Why It Made the Cut: Concealment is everything to a hunter pursuing coyotes and other predators. Most of the time, you’ll be shooting from a calling station in either the sitting or prone positions, which requires a tripod designed specifically for this task.
- Adjusts down to just 2 ¼-inches, perfect for prone shooters
- Carbon fiber construction keeps weight to only 2.3 pounds, while supporting 17 ½ pounds
- Three angle stops and quarter-turn twist leg locks make it easy to set the tripod up quickly
- Lightweight and rugged construction means it’s a solid choice for both backcountry and run & gun hunting
- Ideal for both the prone and sitting shooting positions, adjusting from 2 ¼ to 47 ½-inches
- Ball head with pan feature and multiple tension knobs
- Extends to only 47 ½ inches, so it can’t be used when standing
Gunwerks specializes in long-range shooting and hunting, so providing platforms like tripods that offer rugged, functional stability is their mission. Their Revic Stabilizer Backpacker Tripod is an excellent product for the predator hunter.
With the legs extended, you can use the Revic for comfortable glassing and shooting from a sitting position. But you can also splay the legs out flat and turn it into a stable rest just 2 ¼-inches off the ground. So, you can remain seated and hidden in the brush, or go prone and stay hidden from a predator’s prying eyes when there’s no cover. The Revic acts a rock-solid shooting rest in both situations.
Interchangeable rubber and spiked feet allow the tripod legs to be firmly planted in any condition, whether it be soft dirt, hardpack, mud, or rock.
Things To Consider Before Buying The Best Hunting Tripods
Hunters who use a tripod system need it to be rugged, easy to use, and take a beating over time under tough field conditions. The last thing you need is to experience product failure in the field—and I’ve had that happen more than once with lesser tripods. You don’t want to blow an opportunity on the trophy of a lifetime because your tripod failed. Buy a quality model that can handle the worst you can give it.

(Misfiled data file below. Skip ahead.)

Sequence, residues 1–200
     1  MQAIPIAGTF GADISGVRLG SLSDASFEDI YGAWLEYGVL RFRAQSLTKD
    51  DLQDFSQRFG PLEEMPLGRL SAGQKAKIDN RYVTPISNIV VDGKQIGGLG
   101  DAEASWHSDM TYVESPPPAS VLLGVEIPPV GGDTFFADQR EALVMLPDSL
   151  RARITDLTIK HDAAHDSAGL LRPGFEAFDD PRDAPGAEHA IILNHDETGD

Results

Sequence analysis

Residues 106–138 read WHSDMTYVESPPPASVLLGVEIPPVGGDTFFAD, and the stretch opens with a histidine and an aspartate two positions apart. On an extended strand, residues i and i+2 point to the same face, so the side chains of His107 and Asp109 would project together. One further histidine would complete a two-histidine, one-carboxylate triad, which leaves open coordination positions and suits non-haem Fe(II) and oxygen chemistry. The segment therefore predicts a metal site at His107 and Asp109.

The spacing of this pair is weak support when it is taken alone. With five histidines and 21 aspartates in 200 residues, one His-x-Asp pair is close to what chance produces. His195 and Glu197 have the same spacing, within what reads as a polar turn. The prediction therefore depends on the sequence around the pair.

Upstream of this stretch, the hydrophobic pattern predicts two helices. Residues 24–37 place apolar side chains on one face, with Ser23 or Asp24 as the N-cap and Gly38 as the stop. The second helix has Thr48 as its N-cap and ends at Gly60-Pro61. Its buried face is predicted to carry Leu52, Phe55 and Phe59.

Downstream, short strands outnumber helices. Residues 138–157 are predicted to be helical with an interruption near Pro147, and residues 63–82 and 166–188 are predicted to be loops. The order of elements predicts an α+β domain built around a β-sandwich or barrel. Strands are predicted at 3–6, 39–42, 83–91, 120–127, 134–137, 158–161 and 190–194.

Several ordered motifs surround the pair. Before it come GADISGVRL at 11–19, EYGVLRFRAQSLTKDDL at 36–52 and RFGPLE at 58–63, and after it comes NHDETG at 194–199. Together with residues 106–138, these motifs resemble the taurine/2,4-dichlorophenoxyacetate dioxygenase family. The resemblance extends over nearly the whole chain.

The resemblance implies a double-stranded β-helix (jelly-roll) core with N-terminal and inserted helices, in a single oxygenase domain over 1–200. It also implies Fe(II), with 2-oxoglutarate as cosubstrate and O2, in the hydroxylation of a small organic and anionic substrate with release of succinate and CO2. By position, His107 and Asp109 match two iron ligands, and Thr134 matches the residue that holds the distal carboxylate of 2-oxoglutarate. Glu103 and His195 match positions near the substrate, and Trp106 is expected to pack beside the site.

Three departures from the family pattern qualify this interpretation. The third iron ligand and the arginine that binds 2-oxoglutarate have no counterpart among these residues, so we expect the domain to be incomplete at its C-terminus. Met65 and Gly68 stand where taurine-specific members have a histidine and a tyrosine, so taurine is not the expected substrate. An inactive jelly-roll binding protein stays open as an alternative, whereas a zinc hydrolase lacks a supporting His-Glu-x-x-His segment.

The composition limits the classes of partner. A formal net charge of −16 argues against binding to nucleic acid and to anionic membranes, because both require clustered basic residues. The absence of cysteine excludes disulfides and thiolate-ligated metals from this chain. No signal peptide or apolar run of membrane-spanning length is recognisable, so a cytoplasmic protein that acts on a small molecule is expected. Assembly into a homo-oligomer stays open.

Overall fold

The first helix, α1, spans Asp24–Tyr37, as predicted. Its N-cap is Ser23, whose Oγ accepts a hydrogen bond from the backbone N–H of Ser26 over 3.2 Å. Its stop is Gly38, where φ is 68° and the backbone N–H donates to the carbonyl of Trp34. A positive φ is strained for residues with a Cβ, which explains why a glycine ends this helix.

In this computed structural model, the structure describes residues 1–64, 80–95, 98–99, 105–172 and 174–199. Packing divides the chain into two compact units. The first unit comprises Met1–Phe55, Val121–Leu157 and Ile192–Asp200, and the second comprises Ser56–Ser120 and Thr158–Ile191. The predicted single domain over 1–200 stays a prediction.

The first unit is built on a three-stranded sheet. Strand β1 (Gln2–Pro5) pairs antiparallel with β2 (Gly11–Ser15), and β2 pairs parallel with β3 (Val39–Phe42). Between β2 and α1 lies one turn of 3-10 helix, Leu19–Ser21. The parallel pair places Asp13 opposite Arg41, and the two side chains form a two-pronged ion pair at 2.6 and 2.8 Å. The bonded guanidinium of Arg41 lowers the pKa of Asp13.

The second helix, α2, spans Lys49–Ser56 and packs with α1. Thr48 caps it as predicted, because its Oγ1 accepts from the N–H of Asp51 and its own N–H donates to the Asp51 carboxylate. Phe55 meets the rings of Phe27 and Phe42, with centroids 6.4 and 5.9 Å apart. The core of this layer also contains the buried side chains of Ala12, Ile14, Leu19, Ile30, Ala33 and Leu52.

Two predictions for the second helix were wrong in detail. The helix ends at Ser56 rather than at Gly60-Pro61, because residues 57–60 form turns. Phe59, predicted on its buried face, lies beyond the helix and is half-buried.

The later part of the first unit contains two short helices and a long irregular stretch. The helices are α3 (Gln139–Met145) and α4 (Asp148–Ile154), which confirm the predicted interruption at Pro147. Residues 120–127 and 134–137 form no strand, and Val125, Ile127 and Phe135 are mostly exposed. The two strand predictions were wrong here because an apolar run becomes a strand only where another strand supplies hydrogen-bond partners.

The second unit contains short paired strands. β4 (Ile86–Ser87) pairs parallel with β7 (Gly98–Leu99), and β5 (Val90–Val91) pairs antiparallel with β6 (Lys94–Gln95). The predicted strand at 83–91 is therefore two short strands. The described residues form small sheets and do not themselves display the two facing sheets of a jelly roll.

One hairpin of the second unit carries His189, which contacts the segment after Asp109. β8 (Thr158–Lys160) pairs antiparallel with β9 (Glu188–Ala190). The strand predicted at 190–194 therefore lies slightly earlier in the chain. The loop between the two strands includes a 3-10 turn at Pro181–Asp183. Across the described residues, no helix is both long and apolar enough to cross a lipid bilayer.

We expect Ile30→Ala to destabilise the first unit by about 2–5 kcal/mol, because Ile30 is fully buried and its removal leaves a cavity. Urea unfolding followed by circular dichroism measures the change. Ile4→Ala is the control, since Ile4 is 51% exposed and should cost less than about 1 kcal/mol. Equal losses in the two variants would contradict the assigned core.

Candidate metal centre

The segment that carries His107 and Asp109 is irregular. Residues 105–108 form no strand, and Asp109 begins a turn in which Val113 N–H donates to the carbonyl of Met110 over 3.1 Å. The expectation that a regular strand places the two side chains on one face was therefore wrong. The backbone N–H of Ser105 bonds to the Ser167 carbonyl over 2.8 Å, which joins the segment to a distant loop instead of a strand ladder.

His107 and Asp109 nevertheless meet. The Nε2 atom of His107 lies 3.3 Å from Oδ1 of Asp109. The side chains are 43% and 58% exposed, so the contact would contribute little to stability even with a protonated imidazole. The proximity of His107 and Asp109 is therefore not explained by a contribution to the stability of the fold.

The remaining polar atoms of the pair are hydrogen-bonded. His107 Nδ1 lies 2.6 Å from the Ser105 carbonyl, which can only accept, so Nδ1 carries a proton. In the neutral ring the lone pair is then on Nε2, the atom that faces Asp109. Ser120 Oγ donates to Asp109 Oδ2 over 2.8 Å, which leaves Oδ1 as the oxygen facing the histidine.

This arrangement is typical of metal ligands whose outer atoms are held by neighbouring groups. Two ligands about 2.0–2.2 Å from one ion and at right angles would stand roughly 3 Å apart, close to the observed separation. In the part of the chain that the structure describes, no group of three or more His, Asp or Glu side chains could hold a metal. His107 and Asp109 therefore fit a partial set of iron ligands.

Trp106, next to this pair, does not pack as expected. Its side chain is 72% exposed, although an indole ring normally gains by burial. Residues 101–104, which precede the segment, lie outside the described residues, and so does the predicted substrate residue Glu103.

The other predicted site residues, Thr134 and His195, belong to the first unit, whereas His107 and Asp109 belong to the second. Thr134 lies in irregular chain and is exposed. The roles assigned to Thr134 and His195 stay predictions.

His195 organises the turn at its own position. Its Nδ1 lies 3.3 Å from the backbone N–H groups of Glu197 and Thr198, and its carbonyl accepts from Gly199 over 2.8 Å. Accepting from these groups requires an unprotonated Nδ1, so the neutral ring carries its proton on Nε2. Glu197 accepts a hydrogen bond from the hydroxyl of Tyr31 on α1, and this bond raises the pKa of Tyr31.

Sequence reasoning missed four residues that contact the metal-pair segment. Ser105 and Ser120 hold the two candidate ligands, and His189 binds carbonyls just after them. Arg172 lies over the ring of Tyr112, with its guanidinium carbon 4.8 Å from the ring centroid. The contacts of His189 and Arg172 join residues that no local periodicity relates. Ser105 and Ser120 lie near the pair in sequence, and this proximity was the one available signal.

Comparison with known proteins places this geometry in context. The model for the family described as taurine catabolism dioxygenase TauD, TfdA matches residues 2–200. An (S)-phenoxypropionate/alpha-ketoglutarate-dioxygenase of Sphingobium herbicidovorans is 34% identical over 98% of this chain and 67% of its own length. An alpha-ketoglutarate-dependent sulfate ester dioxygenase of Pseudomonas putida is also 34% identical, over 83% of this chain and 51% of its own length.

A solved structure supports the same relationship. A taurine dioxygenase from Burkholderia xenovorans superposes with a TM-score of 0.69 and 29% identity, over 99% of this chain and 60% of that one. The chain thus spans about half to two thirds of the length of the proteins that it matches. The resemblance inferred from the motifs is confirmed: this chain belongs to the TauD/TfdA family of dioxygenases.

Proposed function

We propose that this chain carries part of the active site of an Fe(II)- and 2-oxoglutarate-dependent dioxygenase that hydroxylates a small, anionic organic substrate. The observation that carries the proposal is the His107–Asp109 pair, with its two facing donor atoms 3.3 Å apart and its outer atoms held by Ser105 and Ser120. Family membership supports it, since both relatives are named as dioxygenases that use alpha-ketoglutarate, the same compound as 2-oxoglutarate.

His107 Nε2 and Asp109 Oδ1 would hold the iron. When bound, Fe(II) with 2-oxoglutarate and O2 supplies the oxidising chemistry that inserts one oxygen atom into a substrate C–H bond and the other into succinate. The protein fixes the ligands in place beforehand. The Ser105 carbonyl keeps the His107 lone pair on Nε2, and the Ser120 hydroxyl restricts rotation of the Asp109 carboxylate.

Even in the big country out West, game can disappear in a hurry. You should be able to switch between your optics and rifle or another implement quickly, with minimal fuss. An easy-to-use tripod head system let’s hunters make that change quickly, so you won’t be left fumbling with complicated adapters when you should be readying yourself to take the shot.
The tripod must extend high enough for you to comfortably glass and shoot, whether that’s standing, kneeling, or sitting. If you spend most of your time in the field crawling to take advantage of low cover, you might not be too worried about how tall your tripod can get. But if you have the luxury of standing to glass, why bend yourself in half trying to get a clear view through your spotting scope?
It is not unheard of for a serious western hunter to spend more than $1,000 on a tripod/pan head/shooting rest system. But there are often less expensive products out there that can do the job for you. Make your selection based on quality, not cost.
Q: How do I attach binoculars to a tripod?
There are several adapters available that screw into the tripod and firmly hold the binoculars in place. Not all adapters fit all binoculars, so be sure to ask about the best adapter for your bino/tripod combination before purchasing.
Q: Do you need a tripod for hunting?
A tripod is a tremendous benefit in many big game and turkey hunting situations. You’ll be amazed how much more game you see through binoculars set on a tripod as opposed to hand-holding them, as the tripod eliminates arm fatigue and any wiggle in the optic. As a firearms rest, tripods provide maximum stabilization, greatly increasing your ability to hit your target exactly where you want to.
Q: How do you attach a tripod to a spotting scope?
Tripods all have a universal threaded screw on their top plate, cut with ¼-20 threads. This aligns with the joint on the spotting scope itself or an additional quick-detach mounting plate that attaches to both the tripod and spotting scope.
Q: What is the best tripod for binoculars?
Out West, where you often glass for many hours without stopping, a tripod that allows you to use binoculars from both the sitting and standing positions is important. The tripod should also be sturdy enough to minimize wobble on windy days and be easily adjustable.
Final Thoughts on the Best Hunting Tripods
There are a lot of tripods on the market, but most are designed for photography, not hunting. What makes a tripod good for camera use does not necessarily make it right for hunting. Hunters should choose a lightweight and rugged tripod capable of handling a variety of implements and adjusting quickly. Additionally, the type of hunting you do will determine the best hunting tripods. Backpack hunters might appreciate the approximate two-pound weight of the Vanguard listed above. While those whose shot opportunities are more fleeting might prefer the rapid action of the Primos Triggerstick.